Winnebago EKKO owners Noel Fleming and Chris Miller share how easy their first time dumping the cassette toilet was: “I was floored by how easy it was to dump. There was no waiting in a dump line, aligning the vehicle, or pulling out extra parts like the ‘stinky slinky’ and connectors. I simply removed the portable waste tank from the outside of the rig, extended the spout by twisting it, removed the spout cap, and poured the contents into the dump area while depressing the vent button.”

ekko motorhome cassette toilet

For more of their tips and insights about using this style of RV toilet, read this guide for RV cassette toilets.

RV Porta Potti

For travelers wanting more space and bathroom flexibility, the RV Porta Potti is a smart solution. This toilet can be stored away allowing what would have been a dedicated bathroom space to be used for additional living and storage space. It is dumped similarly to the cassette toilet, but does have a smaller capacity – expect about 33 flushes.

Here is a description from full-time RVer Nick Riebe on using the RV Porta Potti in the Winnebago Solis Pocket: “It has an exclusive rotating pour-out spout with a cap on the lower tank, piston pump flush on the upper tank, a sealed valve in-between that keeps odors in the holding tank, and an easy-to-read level indicator so you know when it’s time to empty the tank.”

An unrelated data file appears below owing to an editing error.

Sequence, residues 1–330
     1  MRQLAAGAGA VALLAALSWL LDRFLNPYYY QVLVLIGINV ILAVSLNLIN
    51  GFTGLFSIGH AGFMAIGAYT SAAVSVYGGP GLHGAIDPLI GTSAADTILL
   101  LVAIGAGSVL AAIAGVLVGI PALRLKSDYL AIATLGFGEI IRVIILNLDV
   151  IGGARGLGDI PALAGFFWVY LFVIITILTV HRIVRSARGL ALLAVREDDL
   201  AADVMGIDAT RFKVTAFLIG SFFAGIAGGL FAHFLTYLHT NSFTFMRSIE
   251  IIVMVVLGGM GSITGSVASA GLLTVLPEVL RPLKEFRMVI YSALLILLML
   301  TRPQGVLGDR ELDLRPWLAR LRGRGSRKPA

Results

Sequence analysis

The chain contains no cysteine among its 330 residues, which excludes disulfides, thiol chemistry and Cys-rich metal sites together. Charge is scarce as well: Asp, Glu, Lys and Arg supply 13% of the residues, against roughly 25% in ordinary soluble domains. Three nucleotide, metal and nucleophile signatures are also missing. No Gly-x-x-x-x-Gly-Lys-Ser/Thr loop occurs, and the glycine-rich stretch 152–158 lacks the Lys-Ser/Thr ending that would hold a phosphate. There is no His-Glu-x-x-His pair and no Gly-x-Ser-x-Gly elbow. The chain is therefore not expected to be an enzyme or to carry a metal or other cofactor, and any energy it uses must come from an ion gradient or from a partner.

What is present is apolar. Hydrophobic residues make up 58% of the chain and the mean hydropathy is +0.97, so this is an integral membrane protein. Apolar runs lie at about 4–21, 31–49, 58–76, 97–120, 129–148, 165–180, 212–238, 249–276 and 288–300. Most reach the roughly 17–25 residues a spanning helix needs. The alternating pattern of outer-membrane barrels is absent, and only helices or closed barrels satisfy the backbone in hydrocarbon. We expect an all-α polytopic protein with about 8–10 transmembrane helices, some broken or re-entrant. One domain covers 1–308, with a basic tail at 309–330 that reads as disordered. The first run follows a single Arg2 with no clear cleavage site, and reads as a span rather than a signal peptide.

RV porta potti

Learn more about using the RV Porta Potti option in this guide.

Tips for a Hassle-Free RV Dump Station Experience

Since most RVs have the traditional gravity toilet with plumbing to the black tank, we wanted to offer some suggestions for having a clean, stress-free dump station experience! While many RV parks offer full-hookups which allows you to be directly hooked up to the sewer, you will likely have to use a dump station at some point.

Dump stations can be found at RV parks, campgrounds, and even some rest areas. They will have a place to attach your sewer hose for dumping your black and gray waste water as well as a hose for any cleanup needed.

1. Align Your RV Close Enough

You don’t want your sewer hose to barely reach the hole at the dump station and not be able to get a secure connection. Making sure to align your RV close enough is key to avoid those issues.

2. Wear Gloves & Sanitize

While following the right procedure for dumping your tanks should mean no messes, it never hurts to wear gloves when handling the sewer hose and touching other items at the dump station. Others before you may not have been so clean and you don’t want to risk getting sick! Gloves aren’t a must, but they definitely help. And, of course, always wash your hands really well after.

After dumping, it’s also a good idea to use a wipe or spray to sanitize the dump station handles and anything you touched on or in your RV while dumping your tanks.

3. Have the Right Sewer Hose & Attachments

A high-quality sewer hose made of durable material along with easy-to-connect attachments can make all the difference when dumping your tanks. Many RVers recommend a clear, curved “elbow” attachment in order to be able to see when the water is running clear and your tanks are fully emptied.